According to Jane, the guy had said a lot of sweet words to her and even promising his commitment to her during those phone conversations. However, their relationship remained ambiguous in that way for a long time. Despite Jane’s multiple attempts to invite the guy to come to her house and meet her parents, or to meet with her in person, he would always find an excuse to decline. On the other hand, he continued to keep her hoping and waiting for him; sometimes he would even express his sexual fantasies for her and entice her to spend the night with him. Although Jane did not agree to his sexual advances, she found herself emotionally so involved with him that she started stalking him on social media. When he found out that she was tracking his life, including his relationships with his family and friends, he became very angry with her. As the tension grew in their relationship, the man started ghosting her by calling her less, and then finally, there was no more contact since about a year ago. Feeling duped, Jane was very annoyed with herself. She felt deeply hurt by the man, but had nowhere to ventilate her pain. As her mother watched on helplessly, all she could tell Jane was “don’t think so much”, “forget the past and move on”.

Slowly, I helped the mother and the daughter put their stories and experiences together to make sense of Jane’s presenting symptoms. At one point, when the mother talked about how devastated Jane was after the man led her on and then just dropped her like that, I spontaneously expressed my empathy by saying: “WHAT AN ASSHOLE!!” And the two of them burst into laughter! Suddenly, the mood in the room shifted from heavy to something lighter.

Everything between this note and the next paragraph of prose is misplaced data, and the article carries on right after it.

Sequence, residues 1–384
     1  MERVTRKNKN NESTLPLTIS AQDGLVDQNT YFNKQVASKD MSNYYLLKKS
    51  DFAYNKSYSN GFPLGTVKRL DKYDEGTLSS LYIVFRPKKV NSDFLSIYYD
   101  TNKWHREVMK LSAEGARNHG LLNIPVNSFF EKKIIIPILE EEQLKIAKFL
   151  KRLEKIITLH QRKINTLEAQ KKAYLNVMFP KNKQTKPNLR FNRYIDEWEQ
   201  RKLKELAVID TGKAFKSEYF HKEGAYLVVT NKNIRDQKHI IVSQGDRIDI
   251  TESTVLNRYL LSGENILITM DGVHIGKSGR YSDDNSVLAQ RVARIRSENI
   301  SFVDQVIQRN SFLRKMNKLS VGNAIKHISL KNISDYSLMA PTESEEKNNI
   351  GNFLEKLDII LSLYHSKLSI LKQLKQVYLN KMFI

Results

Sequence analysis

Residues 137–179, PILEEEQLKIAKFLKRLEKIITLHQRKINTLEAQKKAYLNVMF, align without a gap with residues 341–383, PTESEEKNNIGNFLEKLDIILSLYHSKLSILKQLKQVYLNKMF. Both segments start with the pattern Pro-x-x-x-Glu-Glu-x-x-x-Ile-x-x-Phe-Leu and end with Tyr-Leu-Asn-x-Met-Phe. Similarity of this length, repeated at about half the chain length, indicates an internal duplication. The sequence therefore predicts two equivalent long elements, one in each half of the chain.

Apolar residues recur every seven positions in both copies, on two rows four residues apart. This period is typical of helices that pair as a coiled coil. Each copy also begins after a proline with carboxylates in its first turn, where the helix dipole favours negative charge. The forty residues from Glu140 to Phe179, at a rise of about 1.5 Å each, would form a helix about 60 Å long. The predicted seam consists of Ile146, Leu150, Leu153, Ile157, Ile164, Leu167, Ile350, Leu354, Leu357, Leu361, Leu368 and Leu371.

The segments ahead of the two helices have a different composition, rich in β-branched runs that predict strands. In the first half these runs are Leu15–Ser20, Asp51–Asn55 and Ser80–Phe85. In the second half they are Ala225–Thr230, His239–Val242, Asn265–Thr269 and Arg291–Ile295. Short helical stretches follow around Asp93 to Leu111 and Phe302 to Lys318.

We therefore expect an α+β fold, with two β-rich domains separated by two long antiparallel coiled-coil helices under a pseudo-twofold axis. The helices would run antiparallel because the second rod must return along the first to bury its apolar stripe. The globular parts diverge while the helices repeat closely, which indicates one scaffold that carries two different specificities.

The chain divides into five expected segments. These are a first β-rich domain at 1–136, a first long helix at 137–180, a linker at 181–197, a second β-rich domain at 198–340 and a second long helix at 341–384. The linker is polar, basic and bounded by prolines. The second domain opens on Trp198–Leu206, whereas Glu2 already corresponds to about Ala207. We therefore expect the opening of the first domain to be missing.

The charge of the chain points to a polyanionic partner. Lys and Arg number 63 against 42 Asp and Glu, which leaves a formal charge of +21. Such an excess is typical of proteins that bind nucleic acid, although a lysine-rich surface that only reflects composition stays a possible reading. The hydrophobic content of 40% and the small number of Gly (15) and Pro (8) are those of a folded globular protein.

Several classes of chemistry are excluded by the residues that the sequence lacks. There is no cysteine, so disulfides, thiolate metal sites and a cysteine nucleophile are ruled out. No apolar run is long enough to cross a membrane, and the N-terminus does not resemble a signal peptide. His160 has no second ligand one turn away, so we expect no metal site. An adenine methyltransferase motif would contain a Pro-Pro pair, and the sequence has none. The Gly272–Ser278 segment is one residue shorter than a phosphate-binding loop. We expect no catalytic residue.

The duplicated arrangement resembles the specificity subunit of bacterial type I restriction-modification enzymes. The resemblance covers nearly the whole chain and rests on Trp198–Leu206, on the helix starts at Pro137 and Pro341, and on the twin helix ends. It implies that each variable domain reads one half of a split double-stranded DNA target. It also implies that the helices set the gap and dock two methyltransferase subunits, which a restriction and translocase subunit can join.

It turned out that I might have given them permission to voice out something that they both were not able to say to themselves or each other for all these years. The mother was afraid to hurt her daughter’s feelings, whereas Jane tried to reassure her family by acting as though nothing had happened and just kept going on with her work and life. Yet, her heart continued to hurt as she had indeed lost a significant relationship.

At this time, I began to help both the mother and daughter to talk with each other. Jane bravely told her mother that she needed more time to recover from her grief; and her mother’s way of trying to care for her (that is, telling her to stop thinking about the man) actually made her feel more guilty and ashamed of herself. On the other hand, Jane’s mother also bravely acknowledged that her anxiety may have become burdensome to Jane. Instead, she expressed trust in her daughter’s wisdom and ability to deal with her own emotions. When both mother and daughter could convey their suppressed feelings to each other, they became more relaxed and were no longer as concerned about all the OCD symptoms like before.

This was our first session together. At the end, I invited Jane and her mother to meet me again if they felt that the OCD symptoms had not improved. To date, they had not needed to see me, so I imagined that OCD is less of a problem for them now.

This case reminds me that the most unspeakable pain is often about wanting to express your honest thoughts and feelings to the person closest to you, and yet you are so afraid of losing this person’s love and acceptance. When the frustration and resentment are kept inside for too long, our emotional health is bound to suffer and manifest in different forms of mental disturbance.

Perhaps we can all ponder on this question:

In your most intimate relationship, would you rather know the worst truth, or hear the best lie?

Written and translated by: Dr. Ng Wai Sheng

Image by: Anh Phan (magdeleine.co)

Disclaimer: All stories presented in this article are based on, or inspired by actual events. In certain cases, incidents, characters and timelines have been changed for privacy and confidentiality purpose. Certain characters may be composites or archetypes, and are not intended to depict or allude to actual persons or families. Any resemblance to actual incidents, persons, places or events is entirely coincidental.

Published On: May 27th, 2022 / Categories: Blog Post /